London [UK]: The International Cricket Council (ICC) on Tuesday said that factoring in reserve days would increase the length of the ongoing World Cup and would pose logistical issues, despite rain playing spoilsport for the second consecutive day in the tournament.
“Factoring in a reserve day for every match at the ICC Men’s Cricket World Cup would significantly increase the length of the tournament and practically would be extremely complex to deliver,” outgoing ICC Chief Executive David Richardson said in a statement.
Several teams have criticised the ICC for not keeping reserve days for every match in the league after three games were washed out, the most ever recorded in a single World Cup tournament.
On June 7, the match between Pakistan and Sri Lanka was called off due to inclement weather.
On Monday, the South Africa-West Indies tie was also abandoned without a single ball being bowled. The tie between Sri Lanka and Bangladesh too saw no result on Tuesday due to the relentless rains.
Defending the no-reserve day policy in this year’s World Cup edition, Richardson said, “It would impact pitch preparation, team recovery and travel days, accommodation and venue availability, tournament staffing, volunteer and match officials availability, broadcast logistics and very importantly the spectators who in some instances have travelled hours to be at the game.”
He said that there is also no guarantee that the reserve day would be free from rain either.
“Up to 1,200 people are on site to deliver a match and everything associated with it including getting it broadcast and a proportion of them are moving around the country so reserve days in the group stage would require a significant uplift in the number of staff, Richardson further stated.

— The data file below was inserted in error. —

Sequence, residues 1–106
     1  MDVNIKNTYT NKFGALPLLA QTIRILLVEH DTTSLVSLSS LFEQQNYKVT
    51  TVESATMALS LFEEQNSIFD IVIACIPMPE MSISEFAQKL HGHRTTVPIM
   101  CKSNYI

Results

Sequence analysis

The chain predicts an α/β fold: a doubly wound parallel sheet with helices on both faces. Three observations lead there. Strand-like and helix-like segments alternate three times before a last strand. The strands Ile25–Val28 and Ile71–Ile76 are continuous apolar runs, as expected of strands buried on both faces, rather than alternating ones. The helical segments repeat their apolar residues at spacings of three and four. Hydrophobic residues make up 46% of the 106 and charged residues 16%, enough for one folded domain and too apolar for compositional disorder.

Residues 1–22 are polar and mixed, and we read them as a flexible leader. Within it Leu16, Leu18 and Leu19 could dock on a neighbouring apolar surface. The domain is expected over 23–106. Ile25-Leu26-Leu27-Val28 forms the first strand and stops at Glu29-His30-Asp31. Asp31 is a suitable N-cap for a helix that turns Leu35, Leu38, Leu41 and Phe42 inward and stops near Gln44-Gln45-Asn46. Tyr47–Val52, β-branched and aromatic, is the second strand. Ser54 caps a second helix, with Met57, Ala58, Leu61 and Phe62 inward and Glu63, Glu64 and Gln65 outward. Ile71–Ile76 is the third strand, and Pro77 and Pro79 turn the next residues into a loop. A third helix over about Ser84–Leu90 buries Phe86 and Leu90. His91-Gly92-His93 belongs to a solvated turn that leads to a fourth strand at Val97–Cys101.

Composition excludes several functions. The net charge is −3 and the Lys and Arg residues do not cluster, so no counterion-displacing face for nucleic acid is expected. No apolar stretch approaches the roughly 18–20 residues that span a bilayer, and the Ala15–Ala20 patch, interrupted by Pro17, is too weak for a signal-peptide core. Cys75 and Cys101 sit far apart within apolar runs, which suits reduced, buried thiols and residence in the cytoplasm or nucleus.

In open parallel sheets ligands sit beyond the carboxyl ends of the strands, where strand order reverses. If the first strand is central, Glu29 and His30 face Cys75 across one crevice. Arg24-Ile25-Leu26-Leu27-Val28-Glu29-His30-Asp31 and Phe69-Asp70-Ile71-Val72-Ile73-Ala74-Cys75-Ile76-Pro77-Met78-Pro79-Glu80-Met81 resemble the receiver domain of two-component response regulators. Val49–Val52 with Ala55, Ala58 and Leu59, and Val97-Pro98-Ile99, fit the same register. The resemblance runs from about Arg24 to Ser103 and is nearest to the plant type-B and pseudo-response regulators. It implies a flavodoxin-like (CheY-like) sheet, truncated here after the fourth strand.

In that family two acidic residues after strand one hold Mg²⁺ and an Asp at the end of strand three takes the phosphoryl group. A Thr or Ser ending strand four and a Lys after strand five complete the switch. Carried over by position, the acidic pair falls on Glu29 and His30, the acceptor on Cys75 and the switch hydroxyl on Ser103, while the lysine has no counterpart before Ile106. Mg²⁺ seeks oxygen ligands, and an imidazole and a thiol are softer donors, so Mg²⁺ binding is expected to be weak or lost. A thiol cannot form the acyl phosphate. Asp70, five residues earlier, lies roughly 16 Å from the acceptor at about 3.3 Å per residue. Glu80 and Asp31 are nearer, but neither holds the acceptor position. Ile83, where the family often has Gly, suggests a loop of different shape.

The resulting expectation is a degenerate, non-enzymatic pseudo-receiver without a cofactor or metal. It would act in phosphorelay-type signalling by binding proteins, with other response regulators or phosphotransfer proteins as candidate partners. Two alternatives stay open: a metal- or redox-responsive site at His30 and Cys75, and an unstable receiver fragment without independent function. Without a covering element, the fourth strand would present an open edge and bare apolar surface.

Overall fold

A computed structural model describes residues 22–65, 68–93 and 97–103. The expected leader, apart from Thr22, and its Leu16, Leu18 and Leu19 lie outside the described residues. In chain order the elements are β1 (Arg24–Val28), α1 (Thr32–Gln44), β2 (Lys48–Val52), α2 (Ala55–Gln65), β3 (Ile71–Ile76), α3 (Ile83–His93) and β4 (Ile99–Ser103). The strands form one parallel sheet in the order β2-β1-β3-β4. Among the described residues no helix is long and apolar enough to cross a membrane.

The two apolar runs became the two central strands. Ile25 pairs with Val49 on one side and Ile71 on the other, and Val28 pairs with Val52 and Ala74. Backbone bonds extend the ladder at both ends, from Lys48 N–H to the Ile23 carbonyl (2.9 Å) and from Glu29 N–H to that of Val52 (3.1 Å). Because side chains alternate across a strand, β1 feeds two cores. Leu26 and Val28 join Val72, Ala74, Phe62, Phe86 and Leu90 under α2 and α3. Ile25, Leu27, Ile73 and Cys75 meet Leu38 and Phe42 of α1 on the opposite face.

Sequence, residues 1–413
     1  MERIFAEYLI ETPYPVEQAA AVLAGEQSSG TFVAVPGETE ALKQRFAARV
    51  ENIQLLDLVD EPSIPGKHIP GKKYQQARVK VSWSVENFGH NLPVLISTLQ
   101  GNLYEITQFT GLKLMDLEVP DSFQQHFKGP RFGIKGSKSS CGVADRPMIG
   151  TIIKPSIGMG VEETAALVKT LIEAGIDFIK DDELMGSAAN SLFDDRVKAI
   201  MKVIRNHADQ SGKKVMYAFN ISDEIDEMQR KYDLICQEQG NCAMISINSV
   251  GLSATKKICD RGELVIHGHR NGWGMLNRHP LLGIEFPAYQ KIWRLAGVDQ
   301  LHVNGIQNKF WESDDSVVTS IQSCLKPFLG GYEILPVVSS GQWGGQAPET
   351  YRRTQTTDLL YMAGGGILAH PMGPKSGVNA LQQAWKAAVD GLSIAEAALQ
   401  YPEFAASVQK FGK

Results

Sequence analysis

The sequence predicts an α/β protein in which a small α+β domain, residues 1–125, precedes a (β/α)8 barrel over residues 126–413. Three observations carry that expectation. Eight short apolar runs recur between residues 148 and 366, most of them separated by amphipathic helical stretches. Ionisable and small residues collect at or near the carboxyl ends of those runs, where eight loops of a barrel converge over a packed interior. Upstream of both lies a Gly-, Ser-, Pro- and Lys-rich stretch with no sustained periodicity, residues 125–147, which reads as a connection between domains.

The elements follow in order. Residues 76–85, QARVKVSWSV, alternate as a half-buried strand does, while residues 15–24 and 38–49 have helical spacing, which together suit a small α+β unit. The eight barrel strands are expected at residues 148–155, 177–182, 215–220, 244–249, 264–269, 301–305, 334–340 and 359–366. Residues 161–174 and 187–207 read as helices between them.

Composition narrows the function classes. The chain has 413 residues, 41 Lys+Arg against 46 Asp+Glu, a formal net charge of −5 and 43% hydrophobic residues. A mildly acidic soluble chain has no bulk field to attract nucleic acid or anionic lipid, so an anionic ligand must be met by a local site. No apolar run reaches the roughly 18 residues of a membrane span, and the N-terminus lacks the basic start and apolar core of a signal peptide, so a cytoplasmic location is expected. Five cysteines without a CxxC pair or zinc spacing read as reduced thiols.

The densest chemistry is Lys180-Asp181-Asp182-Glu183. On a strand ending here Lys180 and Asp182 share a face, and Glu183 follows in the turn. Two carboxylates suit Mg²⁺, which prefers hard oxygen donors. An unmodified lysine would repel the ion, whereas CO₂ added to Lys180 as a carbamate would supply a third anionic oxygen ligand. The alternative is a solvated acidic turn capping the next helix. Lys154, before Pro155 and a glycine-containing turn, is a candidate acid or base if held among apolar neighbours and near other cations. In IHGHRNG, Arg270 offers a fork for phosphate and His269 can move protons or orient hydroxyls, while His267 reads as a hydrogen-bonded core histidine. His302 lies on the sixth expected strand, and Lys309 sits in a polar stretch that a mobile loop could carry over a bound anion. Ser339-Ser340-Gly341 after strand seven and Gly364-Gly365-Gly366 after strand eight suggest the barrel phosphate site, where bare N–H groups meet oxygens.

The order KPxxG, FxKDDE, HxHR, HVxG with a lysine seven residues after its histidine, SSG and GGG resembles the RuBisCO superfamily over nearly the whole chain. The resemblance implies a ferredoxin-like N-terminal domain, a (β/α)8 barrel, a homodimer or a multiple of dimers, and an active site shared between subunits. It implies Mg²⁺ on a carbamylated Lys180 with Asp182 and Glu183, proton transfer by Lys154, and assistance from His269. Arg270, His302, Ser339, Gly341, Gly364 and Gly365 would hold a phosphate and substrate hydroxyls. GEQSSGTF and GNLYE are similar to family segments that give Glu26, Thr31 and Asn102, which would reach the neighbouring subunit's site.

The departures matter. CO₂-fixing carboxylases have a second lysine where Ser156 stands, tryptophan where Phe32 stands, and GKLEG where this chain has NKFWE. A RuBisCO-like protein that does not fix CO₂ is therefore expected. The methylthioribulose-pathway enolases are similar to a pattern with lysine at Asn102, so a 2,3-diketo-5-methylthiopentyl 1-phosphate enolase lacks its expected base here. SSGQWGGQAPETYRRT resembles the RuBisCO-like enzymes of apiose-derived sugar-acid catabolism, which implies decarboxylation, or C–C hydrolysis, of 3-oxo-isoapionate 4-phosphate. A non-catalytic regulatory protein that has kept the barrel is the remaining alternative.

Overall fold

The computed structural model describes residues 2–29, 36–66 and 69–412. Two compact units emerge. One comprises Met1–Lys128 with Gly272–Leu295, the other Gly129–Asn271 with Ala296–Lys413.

“We have reserve days factored in for the knock-out stages, knowing that over the course of 45 group games we should play the large majority,” he added.
The 59-year-old former South African cricketer blamed the “extremely unseasonable weather” in the UK.
“In the last couple of days, we have experienced more than twice the average monthly rainfall for June which is usually the third driest month in the UK. In 2018, there was just 2mm of rain in June but the last 24 hours alone has seen around 100mm fall in the south-east of England,” Richardson said.
The forecast for the next few days is not on the bright side which may threaten the upcoming matches to be called off.
Richardson said that match officials, venue team and ground staff jointly work closely to ensure that there is a “best possible opportunity” to play cricket even if it is a reduced-overs game, in the event of inclement weather.
“We also work to keep fans in the stadium, or those travelling to the game, as up-to-date as possible with any information we have, either through public announcements or on our social media channels,” he further said.